Dyscalculia is classified as a developmental disorder that causes a person to have difficulty learning and understanding numbers. This makes it harder for them to understand arithmetic and be able to grasp mathematical concepts which impacts their ability to progress through school or become hirable for many industries. In some cases it is possible to receive benefits from Social Security for dyscalculia.
Eligibility for Benefits
To apply for benefits for learning disabilities in children, like dyscalculia, it needs to be well documented by a medical professional and there has to be proof that it affects the child severely. There are several categories that are included in what that means, and the child has to meet at least two of the categories:
- Unable to remember, understand or apply information to solve problems
- Cannot pick up social cues, cooperate with others, handle conflicts with others, or make friends
- Unable to protect themselves from harm, control their behavior, maintain personal hygiene or regulate emotions properly
- Issues with focusing cause an inability to perform tasks in a timely manner, work close to others while not interrupting them and not be distracted themselves
Documentation from the child’s school records can also be used to show the severity of the condition. Teacher records and grades are evidence of the child fitting the categories above, and can be critical in showing the daily impact to the child’s life. Even with documentation from the sources above, the Social Security Administration (SSA) may want to have the child visit for a psychological consultative evaluation. Determining the child’s current functioning level is important to the process, and the SSA wants to be sure the issues will be limiting to the child for a minimum of 12 months or the benefit will not be granted.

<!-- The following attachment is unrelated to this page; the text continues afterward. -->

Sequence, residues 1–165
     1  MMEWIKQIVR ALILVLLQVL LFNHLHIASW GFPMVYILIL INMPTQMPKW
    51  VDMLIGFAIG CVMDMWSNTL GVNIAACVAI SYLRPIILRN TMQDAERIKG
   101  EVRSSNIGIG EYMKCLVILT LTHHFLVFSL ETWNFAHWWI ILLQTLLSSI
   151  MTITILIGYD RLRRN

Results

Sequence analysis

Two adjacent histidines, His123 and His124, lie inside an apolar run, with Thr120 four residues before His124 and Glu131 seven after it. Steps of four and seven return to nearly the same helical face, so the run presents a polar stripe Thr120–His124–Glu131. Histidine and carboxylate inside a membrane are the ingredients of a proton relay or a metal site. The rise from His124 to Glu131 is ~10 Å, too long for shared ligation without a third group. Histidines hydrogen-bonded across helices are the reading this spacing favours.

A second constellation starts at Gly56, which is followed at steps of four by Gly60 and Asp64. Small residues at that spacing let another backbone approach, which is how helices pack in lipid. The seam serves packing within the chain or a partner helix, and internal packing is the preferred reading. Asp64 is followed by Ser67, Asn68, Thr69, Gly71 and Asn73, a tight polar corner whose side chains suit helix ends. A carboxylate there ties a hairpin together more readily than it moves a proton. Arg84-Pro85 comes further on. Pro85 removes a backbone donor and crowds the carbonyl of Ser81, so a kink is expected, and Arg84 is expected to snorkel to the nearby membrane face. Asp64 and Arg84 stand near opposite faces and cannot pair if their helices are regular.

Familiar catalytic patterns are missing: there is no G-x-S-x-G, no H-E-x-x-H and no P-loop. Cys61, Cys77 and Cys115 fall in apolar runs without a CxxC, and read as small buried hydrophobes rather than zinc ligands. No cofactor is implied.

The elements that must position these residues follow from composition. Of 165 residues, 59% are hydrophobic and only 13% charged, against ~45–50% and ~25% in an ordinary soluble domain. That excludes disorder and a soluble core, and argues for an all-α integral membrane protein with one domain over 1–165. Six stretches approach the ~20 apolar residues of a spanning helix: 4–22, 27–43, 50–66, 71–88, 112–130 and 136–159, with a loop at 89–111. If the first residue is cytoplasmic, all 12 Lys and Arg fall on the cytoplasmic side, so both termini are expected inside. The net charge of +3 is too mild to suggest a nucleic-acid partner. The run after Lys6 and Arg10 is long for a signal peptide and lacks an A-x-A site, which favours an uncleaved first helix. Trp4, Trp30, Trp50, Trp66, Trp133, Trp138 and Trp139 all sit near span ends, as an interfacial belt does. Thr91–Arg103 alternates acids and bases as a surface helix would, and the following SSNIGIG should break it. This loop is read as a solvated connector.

SSI or SSDI
There are two branches of benefits within the SSA, Supplemental Social Income (SSI) and Social Security Disability Insurance (SSDI). For some disabilities a parent’s work history and payments into Social Security can qualify their children to receive SSDI, but dyscalculia is not an eligible condition for SSDI. That means that the only program that may provide benefits is SSI, which is based on the income level of the parents or guardians for the child. As such, the best way to ensure you qualify based on income and other factors is to make contact with an attorney to examine the situation to determine if it would be possible to receive the benefits.